Newbern [N.C.] Mch 21 /62
I have the honor to report the following movements in my department since my hurrid report of the 16″ inst–
The detailed report of the Engagement on the 14″ is not yet finished, but I hope will be ready to send by the next mail–
As I reported, our forces occupied this city & succeeded in restoring it to comparative quietness by midnight on the 14″, and it is now as quiet as a New England village– I appointed Genl Foster Military Governor of the city & its vicinity, and he has established a most perfect system of guard & police– nine tenth of the depredations on the 14″, after the enemy & citizens fled from the town, were committed by the negroes, before our troops reached the city– They seemed to be wild with excitement and delight– they are now a source of very great anxiety to us; the city is being overrun with fugitives from surrounding towns and plantations– Two have reported themselves who have been in the swamps for five years– it would be utterly impossible if we were so disposed to keep them outside of our lines as they find their way to us through woods & swamps from every side– By my next dispatch, I hope to report to you a definite policy in reference to this matter, and in the mean time shall be glad to receive any instructions upon the subject which you may be disposed to give–
. . . .
I have taken the responsibility as I did at Roanoke of issuing provision to the poor, who were & have been for some time suffering for food– In fact I have had to order issues made in some cases, to persons who have but lately been in affluent circumstances, but who now have nothing but confederate notes, city shin plasters, worthless notes of hand and unproductive real estate, and negroes who refuse to acknowledge any debt of servitude– the suffering and anxiety is far beyond anything I had anticipated– it seems strange to me that these people will not percieve that this State of things has been brought about by their own injudicious & dis-loyal conduct–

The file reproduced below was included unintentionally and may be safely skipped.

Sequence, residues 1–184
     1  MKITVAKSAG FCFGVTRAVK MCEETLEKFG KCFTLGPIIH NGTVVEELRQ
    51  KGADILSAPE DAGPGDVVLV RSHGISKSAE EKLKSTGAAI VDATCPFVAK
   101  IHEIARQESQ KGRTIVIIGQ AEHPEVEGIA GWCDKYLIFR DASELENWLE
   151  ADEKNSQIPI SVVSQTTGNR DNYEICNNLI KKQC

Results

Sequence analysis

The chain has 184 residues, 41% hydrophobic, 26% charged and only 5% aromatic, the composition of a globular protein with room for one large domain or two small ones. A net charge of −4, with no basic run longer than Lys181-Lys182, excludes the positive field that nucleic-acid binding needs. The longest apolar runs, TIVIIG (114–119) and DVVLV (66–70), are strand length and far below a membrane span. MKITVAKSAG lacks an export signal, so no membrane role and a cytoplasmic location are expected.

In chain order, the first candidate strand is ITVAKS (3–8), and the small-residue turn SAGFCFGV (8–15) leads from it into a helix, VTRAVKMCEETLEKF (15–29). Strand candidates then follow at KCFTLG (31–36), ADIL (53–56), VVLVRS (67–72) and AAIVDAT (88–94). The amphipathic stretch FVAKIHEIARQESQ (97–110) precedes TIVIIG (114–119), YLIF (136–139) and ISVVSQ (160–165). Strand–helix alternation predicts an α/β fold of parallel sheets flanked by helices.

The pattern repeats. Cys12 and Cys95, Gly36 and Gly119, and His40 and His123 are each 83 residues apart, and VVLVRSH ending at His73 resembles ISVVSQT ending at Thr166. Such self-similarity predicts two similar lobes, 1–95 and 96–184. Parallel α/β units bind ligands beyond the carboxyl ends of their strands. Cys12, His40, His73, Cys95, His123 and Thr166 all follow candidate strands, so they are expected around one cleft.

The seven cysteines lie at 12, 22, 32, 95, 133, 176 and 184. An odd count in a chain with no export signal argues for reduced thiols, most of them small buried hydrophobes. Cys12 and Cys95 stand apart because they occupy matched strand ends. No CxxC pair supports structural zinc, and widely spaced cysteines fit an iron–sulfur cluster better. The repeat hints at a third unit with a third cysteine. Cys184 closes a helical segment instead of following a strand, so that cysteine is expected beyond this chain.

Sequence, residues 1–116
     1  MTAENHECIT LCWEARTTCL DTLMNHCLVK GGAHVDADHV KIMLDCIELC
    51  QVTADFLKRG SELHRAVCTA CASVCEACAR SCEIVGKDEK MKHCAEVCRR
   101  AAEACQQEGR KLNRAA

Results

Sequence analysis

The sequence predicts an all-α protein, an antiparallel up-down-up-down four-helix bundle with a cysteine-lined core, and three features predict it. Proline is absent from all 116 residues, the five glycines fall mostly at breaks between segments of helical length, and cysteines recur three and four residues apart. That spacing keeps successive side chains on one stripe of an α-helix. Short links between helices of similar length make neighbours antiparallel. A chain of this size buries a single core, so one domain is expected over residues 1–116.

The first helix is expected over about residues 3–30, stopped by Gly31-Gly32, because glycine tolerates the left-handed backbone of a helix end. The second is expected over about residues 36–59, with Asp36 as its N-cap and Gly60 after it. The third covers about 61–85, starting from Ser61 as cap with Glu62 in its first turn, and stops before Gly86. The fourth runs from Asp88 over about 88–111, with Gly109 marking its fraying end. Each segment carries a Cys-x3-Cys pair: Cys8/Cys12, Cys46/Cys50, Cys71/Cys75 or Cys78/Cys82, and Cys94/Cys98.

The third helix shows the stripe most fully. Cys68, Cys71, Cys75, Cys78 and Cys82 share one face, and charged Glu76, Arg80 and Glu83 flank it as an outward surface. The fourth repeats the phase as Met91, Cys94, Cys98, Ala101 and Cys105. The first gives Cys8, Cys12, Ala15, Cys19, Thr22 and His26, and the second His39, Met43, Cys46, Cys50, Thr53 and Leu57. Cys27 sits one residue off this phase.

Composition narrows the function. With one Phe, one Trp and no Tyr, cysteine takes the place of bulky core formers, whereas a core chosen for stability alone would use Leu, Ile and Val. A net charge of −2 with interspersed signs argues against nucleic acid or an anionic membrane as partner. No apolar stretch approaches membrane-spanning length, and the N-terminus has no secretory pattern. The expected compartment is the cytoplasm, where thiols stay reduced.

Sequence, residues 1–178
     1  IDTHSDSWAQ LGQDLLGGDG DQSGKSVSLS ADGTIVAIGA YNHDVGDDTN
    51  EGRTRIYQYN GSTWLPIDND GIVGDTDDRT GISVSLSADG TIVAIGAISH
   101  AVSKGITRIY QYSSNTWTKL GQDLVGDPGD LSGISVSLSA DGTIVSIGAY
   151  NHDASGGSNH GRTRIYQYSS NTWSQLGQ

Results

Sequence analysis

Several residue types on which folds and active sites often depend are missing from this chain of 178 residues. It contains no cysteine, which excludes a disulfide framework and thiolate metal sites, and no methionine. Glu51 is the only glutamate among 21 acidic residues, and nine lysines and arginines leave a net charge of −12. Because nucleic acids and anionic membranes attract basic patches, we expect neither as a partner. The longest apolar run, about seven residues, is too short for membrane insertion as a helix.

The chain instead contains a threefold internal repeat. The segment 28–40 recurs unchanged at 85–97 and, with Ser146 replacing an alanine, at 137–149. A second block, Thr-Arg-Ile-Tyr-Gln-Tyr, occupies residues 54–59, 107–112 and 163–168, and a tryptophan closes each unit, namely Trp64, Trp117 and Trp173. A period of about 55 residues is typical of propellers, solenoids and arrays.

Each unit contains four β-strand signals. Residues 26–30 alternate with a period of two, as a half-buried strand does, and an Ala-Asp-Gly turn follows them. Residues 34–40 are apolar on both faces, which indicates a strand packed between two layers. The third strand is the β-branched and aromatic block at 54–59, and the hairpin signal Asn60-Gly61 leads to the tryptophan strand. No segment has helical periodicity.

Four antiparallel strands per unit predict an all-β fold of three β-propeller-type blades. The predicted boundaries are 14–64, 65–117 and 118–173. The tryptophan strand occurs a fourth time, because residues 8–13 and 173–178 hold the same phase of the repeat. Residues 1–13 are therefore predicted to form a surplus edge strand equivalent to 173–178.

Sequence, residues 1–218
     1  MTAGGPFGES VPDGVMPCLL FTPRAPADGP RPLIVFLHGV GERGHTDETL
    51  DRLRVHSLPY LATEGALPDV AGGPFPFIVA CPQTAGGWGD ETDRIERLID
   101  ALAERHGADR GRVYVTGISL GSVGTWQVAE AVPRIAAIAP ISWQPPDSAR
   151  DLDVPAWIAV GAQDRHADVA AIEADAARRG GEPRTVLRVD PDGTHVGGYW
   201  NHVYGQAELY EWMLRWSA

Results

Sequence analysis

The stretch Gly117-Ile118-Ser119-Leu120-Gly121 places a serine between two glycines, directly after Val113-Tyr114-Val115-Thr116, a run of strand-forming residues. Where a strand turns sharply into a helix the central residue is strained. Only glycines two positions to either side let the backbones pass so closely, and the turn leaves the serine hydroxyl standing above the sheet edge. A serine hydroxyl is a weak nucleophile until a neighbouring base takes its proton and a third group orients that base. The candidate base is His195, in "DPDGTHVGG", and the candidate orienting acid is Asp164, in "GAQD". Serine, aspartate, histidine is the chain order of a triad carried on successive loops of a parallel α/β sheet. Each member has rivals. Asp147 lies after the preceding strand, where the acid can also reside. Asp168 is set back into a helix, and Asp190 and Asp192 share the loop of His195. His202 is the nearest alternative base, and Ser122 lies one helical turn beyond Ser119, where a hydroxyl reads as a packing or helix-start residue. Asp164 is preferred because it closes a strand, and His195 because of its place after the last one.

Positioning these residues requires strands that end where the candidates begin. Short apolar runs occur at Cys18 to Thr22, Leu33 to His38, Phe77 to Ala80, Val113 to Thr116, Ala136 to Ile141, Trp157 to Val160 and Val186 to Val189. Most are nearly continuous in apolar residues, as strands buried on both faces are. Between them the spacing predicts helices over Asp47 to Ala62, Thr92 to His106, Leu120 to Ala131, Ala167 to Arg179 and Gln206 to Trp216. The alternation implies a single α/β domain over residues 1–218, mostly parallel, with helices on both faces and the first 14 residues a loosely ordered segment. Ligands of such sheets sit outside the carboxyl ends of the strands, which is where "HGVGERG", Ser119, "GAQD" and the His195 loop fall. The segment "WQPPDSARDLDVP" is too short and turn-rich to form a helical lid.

. . . .
A. E. Burnside
Excerpts from Brig. Genl. A. E. Burnside to Hon. E. M. Stanton, 21 Mar. 1862, vol. 9, Union Battle Reports, series 729, War Records Office, Adjutant General's Office, Record Group 94, National Archives. Omitted portions detailed military events. On March 27, 1862, Burnside informed Secretary of War Edwin M. Stanton that the “negroes continue to come in, and I am employing them to the best possible advantage; a principle part of them on some earth fortifications in the rear of the city.” He again asked for instructions as to their status and disposition, but by mid-May had still received none. At that time, he notified Stanton that “In the absence of definite instructions upon the subject of fugitive slaves I have adopted the following policy:
First. To allow all slaves who come to my lines to enter.
Second. To organize them and enroll them, taking their names, the names of their masters, and their place of residence.
Third. To give them employment as far as possible, and to exercise toward old and young a judicious charity.
Fourth. To deliver none to their owners under any circumstances, and allow none of them to leave this department until I receive your definite instructions.”
(U.S. War Department, The War of the Rebellion: A Compilation of the Official Records of the Union and Confederate Armies, 128 vols. (Washington, 1880–1901), series 1, vol. 9, pp. 373–74, 389–91.)